You can nest conditions:

python {
    sys:linux { dpkg: python-setuptools }
    sys:osx { $ brew install python-setuptools }
}

A condition can also specify multiple tags. The following is the exact equivalent to the above. What you prefer is a matter of style:

python sys:linux { dpkg: python-setuptools }
python sys:osx { $ brew install python-setuptools }

If you combine a capitalized tag with a system tag, the capitalized tag will only be offered as choice when running on that system:

sys:linux VirtualMachine {
    $ gconftool-2 -s /apps/gnome-screensaver/lock_enabled --type=bool false
}

When running the above on Windows, wsconfig is smart enough to realize that there are no commands backing the VirtualMachine tag, and will ignore it.

Nested conditions, and tags combined with whitespace or both treated as AND. You can als do OR, by using a comma:

sys.linux, sys.osx { link: ssh/config ~/.ssh/config }

AND and OR can be combined (but complex expressions using brackets are currently not supported):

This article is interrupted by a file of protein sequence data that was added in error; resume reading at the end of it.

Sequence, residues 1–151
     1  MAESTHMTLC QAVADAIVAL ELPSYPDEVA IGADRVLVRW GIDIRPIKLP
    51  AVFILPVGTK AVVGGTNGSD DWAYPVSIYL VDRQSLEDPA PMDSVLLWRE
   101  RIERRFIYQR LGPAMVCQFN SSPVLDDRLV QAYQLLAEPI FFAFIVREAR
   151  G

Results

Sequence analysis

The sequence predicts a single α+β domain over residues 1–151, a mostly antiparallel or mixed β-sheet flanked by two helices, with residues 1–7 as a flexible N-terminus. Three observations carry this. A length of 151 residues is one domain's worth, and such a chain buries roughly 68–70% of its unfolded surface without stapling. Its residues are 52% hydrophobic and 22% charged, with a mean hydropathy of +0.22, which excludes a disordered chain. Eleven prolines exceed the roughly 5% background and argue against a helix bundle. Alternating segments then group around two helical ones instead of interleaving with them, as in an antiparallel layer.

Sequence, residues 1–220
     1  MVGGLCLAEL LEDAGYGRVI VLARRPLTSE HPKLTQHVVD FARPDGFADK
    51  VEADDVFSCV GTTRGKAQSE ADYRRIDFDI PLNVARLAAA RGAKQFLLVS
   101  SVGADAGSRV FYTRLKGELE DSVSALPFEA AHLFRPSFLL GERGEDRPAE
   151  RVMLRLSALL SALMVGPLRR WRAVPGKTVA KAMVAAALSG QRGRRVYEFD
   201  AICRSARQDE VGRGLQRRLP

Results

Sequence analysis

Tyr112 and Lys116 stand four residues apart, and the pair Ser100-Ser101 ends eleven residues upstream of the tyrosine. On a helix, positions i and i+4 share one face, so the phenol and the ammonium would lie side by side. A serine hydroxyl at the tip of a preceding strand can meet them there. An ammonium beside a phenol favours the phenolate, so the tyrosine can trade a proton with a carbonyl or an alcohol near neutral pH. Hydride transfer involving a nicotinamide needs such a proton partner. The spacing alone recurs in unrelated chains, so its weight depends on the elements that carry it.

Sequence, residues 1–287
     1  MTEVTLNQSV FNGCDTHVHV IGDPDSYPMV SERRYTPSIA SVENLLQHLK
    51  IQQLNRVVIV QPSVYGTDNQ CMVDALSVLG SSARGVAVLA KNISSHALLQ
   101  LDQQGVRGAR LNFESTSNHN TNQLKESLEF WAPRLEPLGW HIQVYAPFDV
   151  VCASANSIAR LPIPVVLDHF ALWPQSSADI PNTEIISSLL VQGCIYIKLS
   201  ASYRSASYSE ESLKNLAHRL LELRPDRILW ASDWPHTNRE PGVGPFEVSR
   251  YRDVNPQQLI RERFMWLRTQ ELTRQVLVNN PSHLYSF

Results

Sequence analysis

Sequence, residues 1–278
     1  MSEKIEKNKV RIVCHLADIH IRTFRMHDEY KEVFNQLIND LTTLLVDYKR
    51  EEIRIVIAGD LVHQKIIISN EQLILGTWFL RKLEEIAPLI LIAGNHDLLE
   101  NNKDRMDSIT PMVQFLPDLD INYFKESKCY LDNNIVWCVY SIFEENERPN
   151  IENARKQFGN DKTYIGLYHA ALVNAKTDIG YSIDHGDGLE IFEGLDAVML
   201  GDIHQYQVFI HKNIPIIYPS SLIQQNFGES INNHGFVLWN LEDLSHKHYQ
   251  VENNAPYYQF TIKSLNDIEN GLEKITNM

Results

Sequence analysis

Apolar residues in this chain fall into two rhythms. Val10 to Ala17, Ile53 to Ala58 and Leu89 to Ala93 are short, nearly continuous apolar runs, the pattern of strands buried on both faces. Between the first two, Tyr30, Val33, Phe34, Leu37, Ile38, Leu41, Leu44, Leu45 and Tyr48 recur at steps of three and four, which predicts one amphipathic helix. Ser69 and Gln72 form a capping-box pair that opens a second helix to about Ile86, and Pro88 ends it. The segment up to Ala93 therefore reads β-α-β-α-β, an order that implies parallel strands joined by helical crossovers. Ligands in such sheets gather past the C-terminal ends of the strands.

sys.linux, sys.windows Cygwin {
    define tarsnap
}

Above, the tag tarsnap will only be defined if we're on Linux, or if we're on Windows and the Cygwin tag has been selected (remember, since it's uppercase, the user will be presented Cygwin as a choice).

Tags can also be negated. If you want to install Thunderbird only when not in a virtualized environment:

sys:linux !Vm {
    dpkg thunderbird
}

Finally, you can also use comments, of course:

# To fix monospace fonts in Java apps # https//bugs.launchpad.net/ubuntu/+source/sun-java6/+bug/569396 dpkg ttf-dejavu

There is no syntax for multiline comments, but if you're paying attention, there's an obvious way to implement them: Use a tag selector to disable a block of statements:

comment {
sys:linux (
    ...
}
}

Variables

Sometimes you want to use machine-specific values in the script; wsconfig has a variable system that allows you to do this. You will be asked to provide values for all the variables used in the effective script (that is, you won't be bothered with variables that are only used in commands that won't run) at the start of an apply run.

The syntax uses a double-@ notation:

$ sudo scutil --set ComputerName "@@hostname@@"

Variables are case-sensitive.

Root usage

You'll want to run some commands as root, but usually not all - you want your config files to be created with you as the owner. wsconfig uses sudo to run commands as root.